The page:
Table of contents

Geology

The Archean rocks are represented by some volcanic ashes and intrusive dykes (the Caldecote Series), which are exposed north-west of Nuneaton. They dip south-westward under the Cambrian beds - Hartshill Quartzite and Stockingford Shales - which give rise to higher ground; the quartzite, which is opened up in numerous large roadstone quarries, contains towards its summit a fauna suggesting that of the Olenellus zone, one of the oldest faunas known. The quartzite as well as the overlying shales is seamed with intrusive dykes of diorite. A small inlier of the same shales occurs at Dosthill, south of Tamworth. The Coal Measures of the Warwickshire coalfield crop out in the north of the county between Nuneaton and Tamworth and contain valuable coal-seams; they pass conformably under the so-called Permian red sandstones and marls which are apparently the equivalents of the Keele Beds of Staffordshire, and like them should be grouped with the Coal Measures; they occupy a considerable area north and west of Coventry, and at Corley form high ground (625 ft.); in several places shafts have been sunk through them to the productive Coal Measures below. The rest of the county is occupied in the northern half by, the Triassic red rocks, and in the south-east by the Lias. Of the Trias the Bunter (soft red sandstones with pebble-beds) is represented only between Birmingham and Sutton Coldfield, where it is succeeded by the Keuper Sandstone, which is occasionally exposed also around the edge of the coalfield (Tamworth, Coventry, Warwick, Maxstoke); the Keuper Marls occupy a large area in the centre of the county, while some sandstones in them form picturesque scarps near Henley-in-Arden. The highly fossiliferous Rhaetic beds which introduce the Lias are seldom exposed. The Lower Lias limestones are worked for cement (as near Rugby) and abound in ammonites. The Middle Lias sands and limestones follow, and form escarpments (as at Edge Hill, 710 ft.); but these and the lowest members of the Oolite series scarcely cross the county boundary from Oxfordshire. Glacial drifts - boulder-clay, sand and gravel - overspread large areas of the older rocks; their composition shows them to have been deposited from glaciers or ice-sheets which entered the district from the Irish Sea, from North Wales and from the North Sea. Later fluvio-glacial gravels of the Avon valley have yielded mammalian remains (hippopotamus, mammoth, &c.), while palaeolithic implements of quartzite have been found in the old gravels of the Rea near Birmingham. Coal, ironstone, lime and cement are the chief mineral products; manganese ore was formerly got from the Cambrian rocks.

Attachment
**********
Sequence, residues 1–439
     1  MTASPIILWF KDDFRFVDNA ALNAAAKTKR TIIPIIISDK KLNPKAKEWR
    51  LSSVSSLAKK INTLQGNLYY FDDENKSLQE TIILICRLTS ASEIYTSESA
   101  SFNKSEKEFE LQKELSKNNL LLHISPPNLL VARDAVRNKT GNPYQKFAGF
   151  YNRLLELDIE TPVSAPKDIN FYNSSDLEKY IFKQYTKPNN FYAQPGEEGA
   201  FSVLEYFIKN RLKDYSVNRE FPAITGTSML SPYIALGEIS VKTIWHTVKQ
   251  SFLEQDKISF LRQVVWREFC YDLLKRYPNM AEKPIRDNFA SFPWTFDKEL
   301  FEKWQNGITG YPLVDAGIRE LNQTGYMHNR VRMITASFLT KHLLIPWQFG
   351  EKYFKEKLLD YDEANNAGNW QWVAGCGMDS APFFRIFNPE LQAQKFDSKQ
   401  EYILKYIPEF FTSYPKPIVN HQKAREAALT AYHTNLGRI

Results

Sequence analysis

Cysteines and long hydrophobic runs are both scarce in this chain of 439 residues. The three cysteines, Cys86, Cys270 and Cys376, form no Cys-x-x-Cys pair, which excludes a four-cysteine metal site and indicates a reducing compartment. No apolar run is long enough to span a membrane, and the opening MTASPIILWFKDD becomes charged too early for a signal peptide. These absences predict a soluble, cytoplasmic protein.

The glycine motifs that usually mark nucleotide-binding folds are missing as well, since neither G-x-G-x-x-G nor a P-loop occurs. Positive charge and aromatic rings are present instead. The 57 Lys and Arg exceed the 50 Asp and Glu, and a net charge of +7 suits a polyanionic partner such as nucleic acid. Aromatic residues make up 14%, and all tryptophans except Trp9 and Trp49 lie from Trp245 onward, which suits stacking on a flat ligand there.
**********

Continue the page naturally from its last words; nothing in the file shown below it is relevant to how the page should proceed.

Climate and Agriculture